When I was a child first learning about the McCarthy era, I felt proudly sure that nothing like that could ever happen again in America. I am frightened anew at the specter of the rhetoric of the right against common sense public provision of support for basic human needs. How did “the common good” or “making society more fair” or even “spreading the wealth around,” which Adam Smith specifically supported long ago, become really really bad things in America? Those things were made synonymous with Communism, Socialism and defined as evil long ago during the most vicious of the anti-union campaigns via the propaganda machine and power of the elite and wealthy. There is pervasive derision against the very forces that might actually help working people survive and thrive in a system that inherently leaves a certain number of them needy and wanting at the bottom. Well-being of most people is threatened by a built-in bias to favor corporations over basic life support in the form of health care, housing and education for all. The irony is that providing for these has historically been both a Christian and an American ideal. It’s not a corporate ideal, and it’s corporate needs that have us in their stranglehold.
Too few people understand that this is built into the system, which lets a few common Joes make it every once in a while to prove it’s possible. Talking about real change is talking about not only spreading monetary wealth but the parallel wealth of power around… an almost impossible thing to get the already rich and powerful to agree to. What stumps me is how any but the very wealthy can support the current McCain-Palin campaign with their sniggering derisiveness at ideas that paying taxes is patriotic or that spreading the wealth around is a good thing. This while they know that wealthy people and corporations hide money “offshore” from their tax obligations to our country, while calling themselves patriotic.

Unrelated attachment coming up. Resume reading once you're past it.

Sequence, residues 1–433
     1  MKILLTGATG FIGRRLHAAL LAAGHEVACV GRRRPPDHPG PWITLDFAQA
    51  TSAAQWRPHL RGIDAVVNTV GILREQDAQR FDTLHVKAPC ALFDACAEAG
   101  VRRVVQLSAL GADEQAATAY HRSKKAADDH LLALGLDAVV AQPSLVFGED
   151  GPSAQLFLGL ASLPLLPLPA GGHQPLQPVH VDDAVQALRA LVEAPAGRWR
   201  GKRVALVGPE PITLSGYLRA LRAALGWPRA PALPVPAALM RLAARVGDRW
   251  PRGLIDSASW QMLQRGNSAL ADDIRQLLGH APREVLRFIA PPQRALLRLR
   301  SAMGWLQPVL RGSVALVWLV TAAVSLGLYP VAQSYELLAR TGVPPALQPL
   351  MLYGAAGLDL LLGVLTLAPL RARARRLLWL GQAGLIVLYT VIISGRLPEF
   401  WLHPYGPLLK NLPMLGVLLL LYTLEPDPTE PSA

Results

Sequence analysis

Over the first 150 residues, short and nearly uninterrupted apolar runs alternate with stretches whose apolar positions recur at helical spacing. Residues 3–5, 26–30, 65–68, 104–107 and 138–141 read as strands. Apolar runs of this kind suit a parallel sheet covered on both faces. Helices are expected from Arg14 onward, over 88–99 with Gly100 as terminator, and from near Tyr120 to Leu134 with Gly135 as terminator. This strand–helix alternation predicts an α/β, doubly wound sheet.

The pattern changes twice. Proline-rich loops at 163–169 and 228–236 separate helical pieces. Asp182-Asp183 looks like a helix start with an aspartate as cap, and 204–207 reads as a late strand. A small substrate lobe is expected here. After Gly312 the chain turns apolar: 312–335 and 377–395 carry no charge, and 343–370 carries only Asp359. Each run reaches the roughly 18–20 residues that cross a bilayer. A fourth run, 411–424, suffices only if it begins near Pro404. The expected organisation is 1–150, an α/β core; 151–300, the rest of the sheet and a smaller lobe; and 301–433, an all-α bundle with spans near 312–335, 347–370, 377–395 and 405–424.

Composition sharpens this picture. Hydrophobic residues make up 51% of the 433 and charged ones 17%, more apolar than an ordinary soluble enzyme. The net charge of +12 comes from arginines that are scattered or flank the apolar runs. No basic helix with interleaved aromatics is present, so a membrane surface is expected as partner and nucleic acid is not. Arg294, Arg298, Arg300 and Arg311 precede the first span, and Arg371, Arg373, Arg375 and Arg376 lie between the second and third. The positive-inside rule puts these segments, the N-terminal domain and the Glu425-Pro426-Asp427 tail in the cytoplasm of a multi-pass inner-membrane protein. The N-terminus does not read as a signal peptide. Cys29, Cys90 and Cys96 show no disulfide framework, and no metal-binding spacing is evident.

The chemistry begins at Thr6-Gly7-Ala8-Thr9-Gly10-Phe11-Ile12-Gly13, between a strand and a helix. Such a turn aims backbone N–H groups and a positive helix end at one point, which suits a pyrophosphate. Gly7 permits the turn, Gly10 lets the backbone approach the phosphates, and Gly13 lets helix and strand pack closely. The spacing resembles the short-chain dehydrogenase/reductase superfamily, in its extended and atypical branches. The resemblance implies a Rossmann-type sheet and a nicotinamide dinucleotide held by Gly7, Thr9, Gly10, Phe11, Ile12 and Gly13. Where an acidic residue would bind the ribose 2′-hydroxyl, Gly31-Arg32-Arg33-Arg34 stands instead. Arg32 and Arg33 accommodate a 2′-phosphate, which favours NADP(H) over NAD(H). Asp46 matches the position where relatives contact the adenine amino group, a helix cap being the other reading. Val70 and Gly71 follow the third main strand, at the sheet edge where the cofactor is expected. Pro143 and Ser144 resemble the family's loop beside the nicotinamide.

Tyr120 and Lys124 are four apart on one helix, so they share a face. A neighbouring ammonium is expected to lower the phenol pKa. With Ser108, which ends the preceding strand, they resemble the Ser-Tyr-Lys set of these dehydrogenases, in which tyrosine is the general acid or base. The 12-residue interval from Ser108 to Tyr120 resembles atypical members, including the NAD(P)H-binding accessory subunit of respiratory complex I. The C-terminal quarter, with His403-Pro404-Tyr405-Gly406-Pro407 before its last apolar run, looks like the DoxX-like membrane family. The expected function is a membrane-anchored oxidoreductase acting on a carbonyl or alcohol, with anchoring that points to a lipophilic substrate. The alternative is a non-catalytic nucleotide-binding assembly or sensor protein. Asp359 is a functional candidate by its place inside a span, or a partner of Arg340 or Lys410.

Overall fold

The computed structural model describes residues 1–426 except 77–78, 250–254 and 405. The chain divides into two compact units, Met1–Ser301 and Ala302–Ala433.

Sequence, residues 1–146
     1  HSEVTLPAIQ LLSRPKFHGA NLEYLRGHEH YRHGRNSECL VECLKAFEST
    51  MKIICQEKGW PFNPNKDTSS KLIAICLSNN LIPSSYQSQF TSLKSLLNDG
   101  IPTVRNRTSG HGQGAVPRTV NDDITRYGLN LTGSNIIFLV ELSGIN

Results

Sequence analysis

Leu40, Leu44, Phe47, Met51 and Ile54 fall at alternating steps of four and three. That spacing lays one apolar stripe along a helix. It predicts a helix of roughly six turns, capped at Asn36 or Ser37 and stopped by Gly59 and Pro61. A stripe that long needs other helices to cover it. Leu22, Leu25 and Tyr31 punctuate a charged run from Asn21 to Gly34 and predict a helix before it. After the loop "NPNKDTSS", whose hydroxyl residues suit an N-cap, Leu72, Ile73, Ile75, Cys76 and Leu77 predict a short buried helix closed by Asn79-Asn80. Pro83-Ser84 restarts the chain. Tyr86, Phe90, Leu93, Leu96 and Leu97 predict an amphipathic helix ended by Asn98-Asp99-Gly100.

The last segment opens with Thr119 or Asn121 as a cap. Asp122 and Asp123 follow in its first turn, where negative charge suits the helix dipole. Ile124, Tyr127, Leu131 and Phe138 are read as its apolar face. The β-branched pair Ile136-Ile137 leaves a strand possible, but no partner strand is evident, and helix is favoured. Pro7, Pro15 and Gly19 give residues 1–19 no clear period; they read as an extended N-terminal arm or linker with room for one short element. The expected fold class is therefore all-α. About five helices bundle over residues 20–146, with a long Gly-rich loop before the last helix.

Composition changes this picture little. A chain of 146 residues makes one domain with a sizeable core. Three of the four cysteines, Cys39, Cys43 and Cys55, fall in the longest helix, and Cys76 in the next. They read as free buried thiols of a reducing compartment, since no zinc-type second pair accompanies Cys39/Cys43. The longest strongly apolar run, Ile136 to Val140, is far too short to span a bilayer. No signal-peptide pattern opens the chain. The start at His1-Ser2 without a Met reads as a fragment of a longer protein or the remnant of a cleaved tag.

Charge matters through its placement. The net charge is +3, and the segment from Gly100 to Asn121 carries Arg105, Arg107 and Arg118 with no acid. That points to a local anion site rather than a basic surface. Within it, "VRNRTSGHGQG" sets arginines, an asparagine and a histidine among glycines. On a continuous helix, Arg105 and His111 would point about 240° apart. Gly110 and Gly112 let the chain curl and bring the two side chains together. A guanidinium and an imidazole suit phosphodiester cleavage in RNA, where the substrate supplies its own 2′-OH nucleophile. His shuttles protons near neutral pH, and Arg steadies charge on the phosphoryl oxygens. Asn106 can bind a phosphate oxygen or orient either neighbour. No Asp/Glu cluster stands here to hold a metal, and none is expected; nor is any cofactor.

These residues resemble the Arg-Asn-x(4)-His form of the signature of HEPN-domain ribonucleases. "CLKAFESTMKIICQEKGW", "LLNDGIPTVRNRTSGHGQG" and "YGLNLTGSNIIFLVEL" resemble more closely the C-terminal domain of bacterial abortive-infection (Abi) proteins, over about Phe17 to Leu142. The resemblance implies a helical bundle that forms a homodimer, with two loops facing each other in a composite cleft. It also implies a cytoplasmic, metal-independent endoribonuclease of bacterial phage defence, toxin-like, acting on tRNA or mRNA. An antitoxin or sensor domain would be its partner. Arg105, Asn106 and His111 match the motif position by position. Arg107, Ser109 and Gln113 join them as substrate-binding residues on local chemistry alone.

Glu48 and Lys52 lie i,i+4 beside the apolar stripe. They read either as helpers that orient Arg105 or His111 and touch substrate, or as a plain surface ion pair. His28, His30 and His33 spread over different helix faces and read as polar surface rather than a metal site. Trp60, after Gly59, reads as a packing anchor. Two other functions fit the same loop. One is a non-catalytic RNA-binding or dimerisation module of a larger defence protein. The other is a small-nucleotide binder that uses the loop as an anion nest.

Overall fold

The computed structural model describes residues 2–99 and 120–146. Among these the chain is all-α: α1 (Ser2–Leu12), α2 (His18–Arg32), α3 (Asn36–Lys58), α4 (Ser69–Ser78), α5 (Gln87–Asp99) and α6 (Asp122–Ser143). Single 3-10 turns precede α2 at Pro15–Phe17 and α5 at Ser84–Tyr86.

How can any but the very rich support people who support these things? McCain and Palin haven’t to my knowledge used the word socialism or national socialism to describe the infusion of our hard earned money into the banking system to help keep the global economy afloat. I’m counting on more people understanding very soon. I’m counting on a “Palin Effect” that will go down in history, a well known effect that creeps into people’s conscious as they stand at the ballot box on election day, about to vote Republican yet again, and just suddenly knowing that they can’t vote for a woman who’s beliefs and statements are truly antithetical to the best of all American ideals, whether they relate to social justice, conservation, constitutional integrity, or a myriad of other subjects. We could call it Palin-McCain effect, but I think Palin is a magnifying glass focused on people’s needs, and the light shown on her ideas is burning a deep hole in any hope that non-rich, every day working people would benefit from McCain-Palin policies. I see lots and lots of these people pulling the lever for Obama because they really do believe that “America is better than that.”